Fisheries Minister Dr Mohamed Shainee said that, with the new programme, Maldivian fishermen would go further out to sea, reducing the share of longline fishing for foreigners, increasing the Maldives’ productivity and creating more jobs for young people.

Fishermen in the Maldives primarily fish by using the pole and line method, and Dr Shainee says that by introducing longlining it would lessen dependency on one fishing method. And Maldivian fishermen would also be able to catch lucrative bigeye tuna.

MIFCO Deputy Manager Ahmed Didi told reporters that the company’s target was to ensure that the youth who complete the training programme would have the capability to work in large yellowfin tuna fishing vessels “anywhere in the world”.

Dr Shainee also said that longlining is the most environmentally-friendly fishing method after pole and line, but additional measures will be taken to reduce the impact on the environment, including hooks that prevent the bycatch of sharks and turtles.

Ten fishermen from Haa Alif Hoarafushi were chosen for the first stage of the training programme, to be conducted by MIFCO.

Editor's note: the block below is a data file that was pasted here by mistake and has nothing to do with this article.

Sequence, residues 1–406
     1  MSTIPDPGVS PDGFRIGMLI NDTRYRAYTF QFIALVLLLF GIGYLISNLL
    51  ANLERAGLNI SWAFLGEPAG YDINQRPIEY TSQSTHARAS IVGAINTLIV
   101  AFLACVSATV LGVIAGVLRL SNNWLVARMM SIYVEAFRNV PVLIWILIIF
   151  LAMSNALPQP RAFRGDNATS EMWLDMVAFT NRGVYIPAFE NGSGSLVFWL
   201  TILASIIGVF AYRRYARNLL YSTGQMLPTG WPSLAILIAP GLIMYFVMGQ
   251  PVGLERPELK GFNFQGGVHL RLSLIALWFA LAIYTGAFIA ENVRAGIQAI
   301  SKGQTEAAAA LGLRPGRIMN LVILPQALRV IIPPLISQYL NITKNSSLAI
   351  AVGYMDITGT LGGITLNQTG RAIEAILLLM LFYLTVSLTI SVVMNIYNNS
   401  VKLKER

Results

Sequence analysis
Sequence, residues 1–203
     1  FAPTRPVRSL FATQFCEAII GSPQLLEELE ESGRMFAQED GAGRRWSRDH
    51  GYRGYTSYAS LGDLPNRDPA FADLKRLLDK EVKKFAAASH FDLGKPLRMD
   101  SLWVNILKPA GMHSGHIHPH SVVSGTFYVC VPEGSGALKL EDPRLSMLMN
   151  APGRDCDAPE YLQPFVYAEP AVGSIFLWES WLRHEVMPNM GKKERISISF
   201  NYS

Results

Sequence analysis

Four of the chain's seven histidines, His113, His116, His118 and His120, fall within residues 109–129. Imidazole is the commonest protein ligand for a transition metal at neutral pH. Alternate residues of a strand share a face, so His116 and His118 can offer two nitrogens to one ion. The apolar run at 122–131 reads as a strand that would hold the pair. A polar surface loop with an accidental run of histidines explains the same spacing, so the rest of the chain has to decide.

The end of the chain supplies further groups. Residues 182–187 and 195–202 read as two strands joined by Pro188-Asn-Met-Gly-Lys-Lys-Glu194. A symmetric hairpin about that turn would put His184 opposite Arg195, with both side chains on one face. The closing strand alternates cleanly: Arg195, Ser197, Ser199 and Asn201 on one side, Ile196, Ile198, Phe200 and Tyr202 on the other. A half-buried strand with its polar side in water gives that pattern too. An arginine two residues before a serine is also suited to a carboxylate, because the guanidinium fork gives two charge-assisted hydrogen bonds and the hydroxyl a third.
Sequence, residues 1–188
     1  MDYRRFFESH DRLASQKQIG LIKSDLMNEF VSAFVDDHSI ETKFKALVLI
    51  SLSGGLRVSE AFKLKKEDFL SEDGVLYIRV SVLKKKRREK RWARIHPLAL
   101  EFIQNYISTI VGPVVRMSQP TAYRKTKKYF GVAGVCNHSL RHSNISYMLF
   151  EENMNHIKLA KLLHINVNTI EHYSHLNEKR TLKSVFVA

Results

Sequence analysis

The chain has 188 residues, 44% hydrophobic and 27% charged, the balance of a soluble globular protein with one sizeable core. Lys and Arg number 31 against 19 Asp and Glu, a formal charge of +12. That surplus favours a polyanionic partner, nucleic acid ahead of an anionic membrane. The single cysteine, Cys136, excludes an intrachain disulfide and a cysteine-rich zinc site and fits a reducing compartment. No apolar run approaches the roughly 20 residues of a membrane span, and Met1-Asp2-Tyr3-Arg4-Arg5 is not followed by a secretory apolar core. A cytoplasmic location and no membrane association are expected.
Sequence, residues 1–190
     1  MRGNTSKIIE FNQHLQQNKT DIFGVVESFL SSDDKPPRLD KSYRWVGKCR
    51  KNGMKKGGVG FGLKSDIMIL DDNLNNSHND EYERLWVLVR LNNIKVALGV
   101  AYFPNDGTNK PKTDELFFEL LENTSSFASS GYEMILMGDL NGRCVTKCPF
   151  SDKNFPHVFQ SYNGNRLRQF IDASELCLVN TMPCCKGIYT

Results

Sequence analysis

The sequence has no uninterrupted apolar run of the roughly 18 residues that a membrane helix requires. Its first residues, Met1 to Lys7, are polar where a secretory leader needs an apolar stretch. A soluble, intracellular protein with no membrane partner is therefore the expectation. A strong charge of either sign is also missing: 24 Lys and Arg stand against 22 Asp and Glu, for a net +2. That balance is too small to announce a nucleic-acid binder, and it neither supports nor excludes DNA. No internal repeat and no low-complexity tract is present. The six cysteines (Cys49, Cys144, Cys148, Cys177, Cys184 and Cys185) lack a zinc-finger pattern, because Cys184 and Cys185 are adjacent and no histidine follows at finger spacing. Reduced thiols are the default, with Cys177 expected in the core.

- See more at:


Prince William, Kate Middleton Vacation in the Maldives Before Australian Tour

Happy holiday! In a month, Prince William and Kate Middleton will embark on a very public tour of Australia and New Zealand with their baby boy, Prince George -- but at the moment, they're enjoying a much more low-profile trip. The Duke and Duchess of Cambridge have escaped to the Maldives for a little vacation, a source tells Us Weekly.

Kate Middleton and Prince William on July 26, 2012 in London

The royal couple will spend a week in the islands, which are located in the Indian Ocean and have become something of a A-list destination spot. Katy Perry and Russell Brand honeymooned in the Maldives after their wedding in 2010, as did Tom Cruise and Katie Holmes in 2006. (Middleton and her husband, meanwhile, honeymooned in the Seychelles after their 2011 nuptials.)


Kate Middleton, Prince William visit the Maldives on romantic getaway

LONDON, March 6 (UPI) -- Ahead next month's whirlwind tour of Australia and New Zealand, Prince William and his wife, Kate, have reportedly touched down in the Maldives for a week-long vacation.
Though their trip has not been confirmed by the palace, People cites local news reports as confirmation that the royal couple landed in the Indian Ocean republic on Thursday.